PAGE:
This was my first time fixing any fasteners. So I did lots of practice. And I still had problems. One of the fasteners on the pocket pulled right through after using it a couple of times. I had to go back and add some fabric reinforcement to the pocket. So I’d really recommend doing that before popping the pockets on the jacket.

Here’s the finished jacket.



Summary
Pattern:Closet Case's Kelly Anorak
Fabric:Twill
Lesson learned:Lots about working with the kind of hardware that needs hammering in!
Audio book:Fifth Season - N K Jemisin 


Comments

Popular posts from this blog

Welcome

I'm Amanda, and welcome to my brand new blog! I like crocheting. In my imagination I crochet clothes and useful things. But often I end up messing them up, or getting bored before sewing them together. I'm not bad at crocheting small toys, especially if they're from the free kits that come with crocheting magazines! I'm going to try to get better and crochet lots of different things with different techniques. As I'm writing this I have a few different projects on the go: Filet crochet pansies Lego brick tissue cover  Broomstick lace wrap I've just finished a "desk dinosuar" too. He's the second of a set of three. And this is the second time I've done a set! Here's the original set I did from a kit. Now I'm using left over yarn to do the second set.  So hopefully this will be a fun blog, and hopefully it will encourage me to challenge myself a bit :)

Start at the top

I had a small bit of the lovely Cherry picking fabric left from the blouse I made. I was hoping to make a simple top, something a bit less complicated than buttons and zips. And obviously without using too much fabric! I found the  Start at the top pattern, which looked like it would work. There are some issues with the pattern though. Part of the sleeve does not line up with the rest of the sleeve (and I'm sure it's not me, since the guiding lines are spot on) and the notch marks are misplaced on this piece. I made a guess at how they should be placed... From there cutting was easy enough. But once I came to start pinning the pieces together I discovered a second problem with the pattern. The instructions mentioned sewing the sides together until reaching the dot. I couldn't fathom what was meant by dot. Turns out reading through the entire pattern revealed that there's supposed to be a small slit at each side. So I eyeballed a decent length for this, I think 10cm wor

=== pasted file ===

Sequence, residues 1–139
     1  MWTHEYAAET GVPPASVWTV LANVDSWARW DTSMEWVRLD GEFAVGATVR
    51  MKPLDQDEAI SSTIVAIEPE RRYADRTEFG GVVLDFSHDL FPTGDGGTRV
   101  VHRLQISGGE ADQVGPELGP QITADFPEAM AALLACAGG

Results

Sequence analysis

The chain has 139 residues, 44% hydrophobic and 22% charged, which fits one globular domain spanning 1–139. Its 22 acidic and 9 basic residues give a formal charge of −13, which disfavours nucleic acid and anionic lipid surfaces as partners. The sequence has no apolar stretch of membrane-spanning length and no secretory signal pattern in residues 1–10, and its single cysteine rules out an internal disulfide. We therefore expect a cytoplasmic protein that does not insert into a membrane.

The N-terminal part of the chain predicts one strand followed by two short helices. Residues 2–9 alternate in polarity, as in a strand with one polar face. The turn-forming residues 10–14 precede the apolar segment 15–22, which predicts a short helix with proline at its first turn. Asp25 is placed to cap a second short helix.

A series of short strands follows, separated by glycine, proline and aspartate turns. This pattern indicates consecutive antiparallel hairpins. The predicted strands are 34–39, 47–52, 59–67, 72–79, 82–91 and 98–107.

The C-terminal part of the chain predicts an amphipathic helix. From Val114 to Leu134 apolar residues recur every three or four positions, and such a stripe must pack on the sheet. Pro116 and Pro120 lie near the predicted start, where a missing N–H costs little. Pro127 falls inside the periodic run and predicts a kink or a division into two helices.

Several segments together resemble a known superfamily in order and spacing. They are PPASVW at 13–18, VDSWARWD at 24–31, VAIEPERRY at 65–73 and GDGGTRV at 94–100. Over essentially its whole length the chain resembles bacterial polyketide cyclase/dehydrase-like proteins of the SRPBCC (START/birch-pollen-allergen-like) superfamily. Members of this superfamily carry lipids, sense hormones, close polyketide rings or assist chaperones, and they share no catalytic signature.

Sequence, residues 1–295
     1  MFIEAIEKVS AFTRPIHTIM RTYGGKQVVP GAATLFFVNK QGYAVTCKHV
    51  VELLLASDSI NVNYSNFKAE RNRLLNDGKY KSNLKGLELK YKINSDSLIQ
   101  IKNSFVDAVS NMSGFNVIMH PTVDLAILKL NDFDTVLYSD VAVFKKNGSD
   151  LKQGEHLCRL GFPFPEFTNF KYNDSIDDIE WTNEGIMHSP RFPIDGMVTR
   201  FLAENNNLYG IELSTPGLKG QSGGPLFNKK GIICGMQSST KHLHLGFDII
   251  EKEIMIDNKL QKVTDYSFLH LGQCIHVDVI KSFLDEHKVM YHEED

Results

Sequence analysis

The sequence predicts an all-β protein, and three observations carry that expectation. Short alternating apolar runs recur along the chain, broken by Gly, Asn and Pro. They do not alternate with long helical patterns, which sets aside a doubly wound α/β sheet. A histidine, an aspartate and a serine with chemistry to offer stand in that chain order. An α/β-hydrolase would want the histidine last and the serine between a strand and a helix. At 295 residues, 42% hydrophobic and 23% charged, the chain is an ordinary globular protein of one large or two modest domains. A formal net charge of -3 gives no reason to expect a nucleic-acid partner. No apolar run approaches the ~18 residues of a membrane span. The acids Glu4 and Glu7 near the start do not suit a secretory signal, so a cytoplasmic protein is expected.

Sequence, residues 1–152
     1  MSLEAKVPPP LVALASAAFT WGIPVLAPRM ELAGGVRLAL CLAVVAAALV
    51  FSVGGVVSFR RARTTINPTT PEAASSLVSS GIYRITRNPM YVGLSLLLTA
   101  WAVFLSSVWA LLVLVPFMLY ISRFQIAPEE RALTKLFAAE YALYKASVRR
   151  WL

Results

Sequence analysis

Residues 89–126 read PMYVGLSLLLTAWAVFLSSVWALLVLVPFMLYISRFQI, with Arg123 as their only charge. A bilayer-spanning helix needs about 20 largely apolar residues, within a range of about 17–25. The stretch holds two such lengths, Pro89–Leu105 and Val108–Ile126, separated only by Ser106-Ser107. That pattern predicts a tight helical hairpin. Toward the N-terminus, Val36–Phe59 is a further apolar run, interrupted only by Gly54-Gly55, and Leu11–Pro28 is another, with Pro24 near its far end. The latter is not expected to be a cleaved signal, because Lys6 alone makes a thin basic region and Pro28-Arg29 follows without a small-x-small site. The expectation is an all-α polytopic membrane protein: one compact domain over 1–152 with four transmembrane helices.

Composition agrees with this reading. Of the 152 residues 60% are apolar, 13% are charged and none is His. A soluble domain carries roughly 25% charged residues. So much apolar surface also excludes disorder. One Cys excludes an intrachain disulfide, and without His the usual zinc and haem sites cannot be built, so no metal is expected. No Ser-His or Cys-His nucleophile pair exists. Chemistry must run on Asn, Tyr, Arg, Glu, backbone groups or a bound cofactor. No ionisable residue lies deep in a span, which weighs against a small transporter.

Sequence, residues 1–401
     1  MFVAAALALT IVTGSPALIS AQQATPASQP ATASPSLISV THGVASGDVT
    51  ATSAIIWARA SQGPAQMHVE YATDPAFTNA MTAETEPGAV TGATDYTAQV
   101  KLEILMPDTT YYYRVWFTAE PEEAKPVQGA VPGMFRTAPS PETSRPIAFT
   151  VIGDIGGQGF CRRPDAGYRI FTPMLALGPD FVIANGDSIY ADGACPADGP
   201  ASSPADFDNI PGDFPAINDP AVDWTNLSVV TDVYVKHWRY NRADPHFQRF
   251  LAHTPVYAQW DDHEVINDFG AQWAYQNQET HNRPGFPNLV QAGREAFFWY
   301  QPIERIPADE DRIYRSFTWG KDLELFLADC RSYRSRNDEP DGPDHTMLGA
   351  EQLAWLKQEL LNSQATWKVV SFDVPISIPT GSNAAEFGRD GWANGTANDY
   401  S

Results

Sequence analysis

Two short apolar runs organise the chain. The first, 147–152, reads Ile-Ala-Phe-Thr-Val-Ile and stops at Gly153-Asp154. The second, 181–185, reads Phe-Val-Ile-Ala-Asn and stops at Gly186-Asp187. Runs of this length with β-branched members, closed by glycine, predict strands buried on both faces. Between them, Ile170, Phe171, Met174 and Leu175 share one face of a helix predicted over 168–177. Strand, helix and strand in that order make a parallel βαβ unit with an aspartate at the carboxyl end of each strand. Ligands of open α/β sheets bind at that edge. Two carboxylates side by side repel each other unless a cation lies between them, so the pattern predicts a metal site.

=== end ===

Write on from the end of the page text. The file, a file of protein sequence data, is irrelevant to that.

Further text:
Coo-ya the chicken

So my second pattern is again for a colleague. She calls everyone "chick" or "chicken" - so she gets a chicken! I've made it as a tetrahedron, which is relatively easy to crochet! Here are some of the "in progress" pictures: you can click them to see them in more detail. And here's the link to a PDF: Coo-ya crochet pattern.  At the moment I've on;y done this pattern with UK terminology - but do let me know if you'd like it converted to US.